New Orleans

Sep 5, 2005

There are still a lot of places in the U.S. that I haven't been to, particularly in the East and South. New Orleans was at the top of my list for a long time, and I finally made it there for the first time in February.

There's something about taking a cab from the airport, driving past typical strip malls and trackless freeways, the shit you see everywhere in this country, and then your cabbie turns into the Quarter and you're just not in the United States anymore. At first you think you're in Europe, but it's not Europe either, it's just New Orleans.

There's something about walking down Bourbon Street and smelling a different aroma or stench every ten yards. The good ones make your mouth water. The bad ones make your eyes tear up and you just stumble out of the cloud of stink as best you can, coughing and giggling like a six-year-old who can't stop saying "poop".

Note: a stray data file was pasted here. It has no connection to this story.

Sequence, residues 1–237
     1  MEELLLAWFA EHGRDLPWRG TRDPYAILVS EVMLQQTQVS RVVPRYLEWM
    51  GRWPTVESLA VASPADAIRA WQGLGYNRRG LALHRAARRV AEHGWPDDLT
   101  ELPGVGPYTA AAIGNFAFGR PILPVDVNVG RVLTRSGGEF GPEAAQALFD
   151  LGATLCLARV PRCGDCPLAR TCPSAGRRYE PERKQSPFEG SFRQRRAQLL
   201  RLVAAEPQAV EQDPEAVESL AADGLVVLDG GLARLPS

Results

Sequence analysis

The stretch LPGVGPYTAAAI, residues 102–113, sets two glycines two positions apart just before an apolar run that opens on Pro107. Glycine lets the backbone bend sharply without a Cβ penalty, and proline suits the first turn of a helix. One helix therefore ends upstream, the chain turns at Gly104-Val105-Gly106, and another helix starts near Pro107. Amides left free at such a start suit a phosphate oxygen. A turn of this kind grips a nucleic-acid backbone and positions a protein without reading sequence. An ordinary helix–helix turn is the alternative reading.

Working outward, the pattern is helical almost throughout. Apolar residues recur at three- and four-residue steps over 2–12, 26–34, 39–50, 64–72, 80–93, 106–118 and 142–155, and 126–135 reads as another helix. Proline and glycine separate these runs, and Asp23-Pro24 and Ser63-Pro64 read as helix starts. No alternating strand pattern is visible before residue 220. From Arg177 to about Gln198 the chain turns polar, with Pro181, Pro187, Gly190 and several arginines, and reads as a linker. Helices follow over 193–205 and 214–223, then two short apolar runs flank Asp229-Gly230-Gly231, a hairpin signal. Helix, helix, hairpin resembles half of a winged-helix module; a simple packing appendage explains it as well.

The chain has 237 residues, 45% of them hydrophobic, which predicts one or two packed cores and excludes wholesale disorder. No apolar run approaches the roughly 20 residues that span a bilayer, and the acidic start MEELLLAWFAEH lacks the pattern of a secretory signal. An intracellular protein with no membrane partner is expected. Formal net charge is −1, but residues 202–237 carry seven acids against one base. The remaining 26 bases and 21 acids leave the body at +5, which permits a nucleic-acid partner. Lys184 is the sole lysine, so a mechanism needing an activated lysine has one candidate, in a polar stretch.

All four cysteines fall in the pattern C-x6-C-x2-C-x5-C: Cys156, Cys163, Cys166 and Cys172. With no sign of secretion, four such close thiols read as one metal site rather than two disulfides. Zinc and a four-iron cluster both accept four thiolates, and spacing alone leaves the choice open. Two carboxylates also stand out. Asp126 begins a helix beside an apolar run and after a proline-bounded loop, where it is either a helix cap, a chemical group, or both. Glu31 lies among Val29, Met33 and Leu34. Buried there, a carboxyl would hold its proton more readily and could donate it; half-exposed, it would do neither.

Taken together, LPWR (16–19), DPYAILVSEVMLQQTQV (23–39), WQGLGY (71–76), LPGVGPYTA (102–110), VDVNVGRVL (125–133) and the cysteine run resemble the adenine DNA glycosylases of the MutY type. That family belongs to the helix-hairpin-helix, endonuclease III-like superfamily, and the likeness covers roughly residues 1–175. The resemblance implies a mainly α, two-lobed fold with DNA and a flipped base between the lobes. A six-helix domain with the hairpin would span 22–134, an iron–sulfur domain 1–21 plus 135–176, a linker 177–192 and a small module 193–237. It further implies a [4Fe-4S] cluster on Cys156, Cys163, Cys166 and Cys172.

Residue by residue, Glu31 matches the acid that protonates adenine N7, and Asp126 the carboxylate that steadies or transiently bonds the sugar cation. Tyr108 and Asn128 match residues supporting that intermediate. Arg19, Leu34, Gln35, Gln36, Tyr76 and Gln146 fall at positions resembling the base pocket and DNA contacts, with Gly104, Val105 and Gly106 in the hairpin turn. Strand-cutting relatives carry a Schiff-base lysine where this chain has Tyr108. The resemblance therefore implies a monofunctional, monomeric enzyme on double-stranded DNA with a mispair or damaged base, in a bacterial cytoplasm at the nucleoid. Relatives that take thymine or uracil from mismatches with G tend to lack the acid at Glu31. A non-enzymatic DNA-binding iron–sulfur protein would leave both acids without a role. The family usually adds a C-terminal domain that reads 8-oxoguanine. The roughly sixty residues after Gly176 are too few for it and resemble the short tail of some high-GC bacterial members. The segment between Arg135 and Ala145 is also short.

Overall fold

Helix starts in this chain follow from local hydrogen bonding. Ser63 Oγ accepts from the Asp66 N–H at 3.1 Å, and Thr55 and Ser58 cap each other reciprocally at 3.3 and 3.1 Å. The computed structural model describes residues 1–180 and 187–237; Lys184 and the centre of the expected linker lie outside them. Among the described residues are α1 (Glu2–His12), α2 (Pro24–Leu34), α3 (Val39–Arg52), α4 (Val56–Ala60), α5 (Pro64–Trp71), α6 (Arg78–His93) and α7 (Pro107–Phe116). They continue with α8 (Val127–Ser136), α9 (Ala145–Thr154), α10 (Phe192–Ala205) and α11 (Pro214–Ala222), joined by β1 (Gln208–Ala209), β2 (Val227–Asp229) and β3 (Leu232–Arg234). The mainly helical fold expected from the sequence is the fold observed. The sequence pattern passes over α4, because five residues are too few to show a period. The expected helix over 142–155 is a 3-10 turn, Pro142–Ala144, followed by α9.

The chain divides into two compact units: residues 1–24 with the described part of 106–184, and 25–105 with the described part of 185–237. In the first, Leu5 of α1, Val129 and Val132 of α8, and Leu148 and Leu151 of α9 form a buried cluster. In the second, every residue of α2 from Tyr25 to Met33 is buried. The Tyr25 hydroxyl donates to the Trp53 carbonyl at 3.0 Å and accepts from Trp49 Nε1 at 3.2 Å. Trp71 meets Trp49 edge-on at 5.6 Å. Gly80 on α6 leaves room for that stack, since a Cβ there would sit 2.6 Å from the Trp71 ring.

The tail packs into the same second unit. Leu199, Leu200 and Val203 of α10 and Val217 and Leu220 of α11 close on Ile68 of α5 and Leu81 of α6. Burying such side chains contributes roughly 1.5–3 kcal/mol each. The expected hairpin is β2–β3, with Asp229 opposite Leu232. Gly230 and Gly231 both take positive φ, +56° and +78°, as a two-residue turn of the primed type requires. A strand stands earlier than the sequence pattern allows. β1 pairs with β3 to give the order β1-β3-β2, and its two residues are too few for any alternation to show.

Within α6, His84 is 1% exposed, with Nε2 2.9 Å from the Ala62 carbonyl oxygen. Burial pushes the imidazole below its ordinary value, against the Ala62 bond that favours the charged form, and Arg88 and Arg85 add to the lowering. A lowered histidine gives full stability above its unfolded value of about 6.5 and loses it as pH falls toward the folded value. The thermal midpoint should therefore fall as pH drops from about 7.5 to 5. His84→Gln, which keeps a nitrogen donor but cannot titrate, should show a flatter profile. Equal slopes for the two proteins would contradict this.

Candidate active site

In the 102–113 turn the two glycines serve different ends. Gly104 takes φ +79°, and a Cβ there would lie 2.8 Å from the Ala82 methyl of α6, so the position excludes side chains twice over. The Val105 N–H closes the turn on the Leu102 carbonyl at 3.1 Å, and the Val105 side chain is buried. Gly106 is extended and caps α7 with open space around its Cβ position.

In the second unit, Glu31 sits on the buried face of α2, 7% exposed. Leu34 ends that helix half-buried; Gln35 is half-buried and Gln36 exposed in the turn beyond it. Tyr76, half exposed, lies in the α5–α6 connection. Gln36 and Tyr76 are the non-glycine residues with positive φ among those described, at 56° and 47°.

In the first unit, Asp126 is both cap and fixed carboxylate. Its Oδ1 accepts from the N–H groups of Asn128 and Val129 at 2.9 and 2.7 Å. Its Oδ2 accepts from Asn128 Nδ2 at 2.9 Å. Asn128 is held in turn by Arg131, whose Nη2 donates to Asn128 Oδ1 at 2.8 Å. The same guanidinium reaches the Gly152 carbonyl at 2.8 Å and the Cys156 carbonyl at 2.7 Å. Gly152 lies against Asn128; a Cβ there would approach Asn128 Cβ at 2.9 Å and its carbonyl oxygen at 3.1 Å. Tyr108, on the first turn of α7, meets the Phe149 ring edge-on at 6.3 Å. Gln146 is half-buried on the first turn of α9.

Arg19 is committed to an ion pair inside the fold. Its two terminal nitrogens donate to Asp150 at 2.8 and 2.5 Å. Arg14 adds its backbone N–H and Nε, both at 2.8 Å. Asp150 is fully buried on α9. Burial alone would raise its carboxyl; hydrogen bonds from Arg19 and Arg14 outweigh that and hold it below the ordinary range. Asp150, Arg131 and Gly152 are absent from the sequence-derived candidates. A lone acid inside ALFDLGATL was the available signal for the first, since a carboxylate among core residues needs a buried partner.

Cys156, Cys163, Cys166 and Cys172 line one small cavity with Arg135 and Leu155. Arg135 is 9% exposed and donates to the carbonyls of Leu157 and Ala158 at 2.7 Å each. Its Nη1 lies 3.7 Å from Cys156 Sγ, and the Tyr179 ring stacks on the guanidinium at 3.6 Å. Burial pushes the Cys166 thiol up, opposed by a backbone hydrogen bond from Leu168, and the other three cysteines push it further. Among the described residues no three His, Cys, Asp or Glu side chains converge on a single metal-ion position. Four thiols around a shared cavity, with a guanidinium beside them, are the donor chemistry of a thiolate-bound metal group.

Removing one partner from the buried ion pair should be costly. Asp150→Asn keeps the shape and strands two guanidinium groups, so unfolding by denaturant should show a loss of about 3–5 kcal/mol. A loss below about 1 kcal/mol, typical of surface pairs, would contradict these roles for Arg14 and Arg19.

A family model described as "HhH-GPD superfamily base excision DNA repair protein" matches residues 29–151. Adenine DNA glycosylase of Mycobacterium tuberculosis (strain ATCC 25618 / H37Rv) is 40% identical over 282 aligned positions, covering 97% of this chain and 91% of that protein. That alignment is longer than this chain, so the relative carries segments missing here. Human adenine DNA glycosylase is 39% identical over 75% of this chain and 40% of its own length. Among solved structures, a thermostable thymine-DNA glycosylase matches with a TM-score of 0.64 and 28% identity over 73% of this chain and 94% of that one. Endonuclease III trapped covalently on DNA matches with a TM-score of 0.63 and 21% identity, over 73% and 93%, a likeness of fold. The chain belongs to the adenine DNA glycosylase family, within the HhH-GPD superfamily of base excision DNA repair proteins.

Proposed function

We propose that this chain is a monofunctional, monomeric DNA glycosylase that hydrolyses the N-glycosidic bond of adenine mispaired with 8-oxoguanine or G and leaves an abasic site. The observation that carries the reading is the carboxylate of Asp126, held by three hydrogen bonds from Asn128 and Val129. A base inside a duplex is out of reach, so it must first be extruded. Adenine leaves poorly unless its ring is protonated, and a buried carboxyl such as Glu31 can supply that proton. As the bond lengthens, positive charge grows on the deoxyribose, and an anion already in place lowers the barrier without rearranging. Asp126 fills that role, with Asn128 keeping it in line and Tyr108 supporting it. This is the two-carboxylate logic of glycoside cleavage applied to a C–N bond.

There's something about a to-go cup, and this is going to sound laughable, but there's something so damn civilized about it.

There's something about wandering on wildly rolling, cracked sidewalks past blocks of abandoned buildings and old shotgun houses down to Elizabeth's in the Marigny for breakfast, and having the waitress bring you a Bloody Mary that you sit and drink on the curb while you wait for a table to open up inside.

For all I know, Elizabeth's is gone now. It was right down by the levee. I remember walking up to the concrete wall that morning and realizing for the first time that I was standing below sea level. I wonder if they'll reopen. Suddenly the pain perdu and praline bacon I had that morning, slightly hungover, seems just as precious as anything I can think of. That was probably the best food I had the whole time I was there. That sweet waitress who brought me the Bloody Mary, is she okay? The crazy gay waiter with all the piercings, who wore an apron that read, "want some PIE?"...did he get out?

The homeless-looking woman I saw standing on the corner on Bourbon, surrounded by the crush of drunken tourists, talking steadily to herself while her cat perched on her shoulders. Is there any possible way she could have survived?

New Orleans just isn't like anyplace else. What a God-damned wonderful town, and it kills me to see it like it is now, and to think that I just barely had started to get to know it.


If you liked this, you're welcome to read more of my blatherings.